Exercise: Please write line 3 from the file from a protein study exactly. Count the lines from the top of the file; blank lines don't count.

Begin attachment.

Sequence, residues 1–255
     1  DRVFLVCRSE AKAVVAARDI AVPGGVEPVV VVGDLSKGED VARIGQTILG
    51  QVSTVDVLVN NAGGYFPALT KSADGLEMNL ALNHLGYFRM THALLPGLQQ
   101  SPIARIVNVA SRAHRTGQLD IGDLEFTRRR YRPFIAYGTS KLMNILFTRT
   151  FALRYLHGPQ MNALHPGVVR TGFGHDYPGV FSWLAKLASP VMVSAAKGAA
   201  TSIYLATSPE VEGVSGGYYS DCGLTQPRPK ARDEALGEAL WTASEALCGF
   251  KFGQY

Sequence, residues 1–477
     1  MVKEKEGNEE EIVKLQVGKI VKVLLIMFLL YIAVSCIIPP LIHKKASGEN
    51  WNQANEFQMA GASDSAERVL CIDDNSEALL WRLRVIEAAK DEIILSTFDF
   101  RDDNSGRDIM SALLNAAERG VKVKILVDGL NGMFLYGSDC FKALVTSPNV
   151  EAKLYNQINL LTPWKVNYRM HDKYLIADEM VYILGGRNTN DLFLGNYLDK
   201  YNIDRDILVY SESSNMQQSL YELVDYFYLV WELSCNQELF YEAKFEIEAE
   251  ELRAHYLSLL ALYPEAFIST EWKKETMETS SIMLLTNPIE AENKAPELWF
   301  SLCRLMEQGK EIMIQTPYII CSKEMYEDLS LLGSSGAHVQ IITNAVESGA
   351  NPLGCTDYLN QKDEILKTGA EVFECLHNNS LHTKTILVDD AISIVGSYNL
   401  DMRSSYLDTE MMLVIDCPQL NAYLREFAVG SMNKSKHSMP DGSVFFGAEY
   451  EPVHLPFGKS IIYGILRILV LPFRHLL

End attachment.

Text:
    51  QVSTVDVLVN NAGGYFPALT KSADGLEMNL ALNHLGYFRM THALLPGLQQ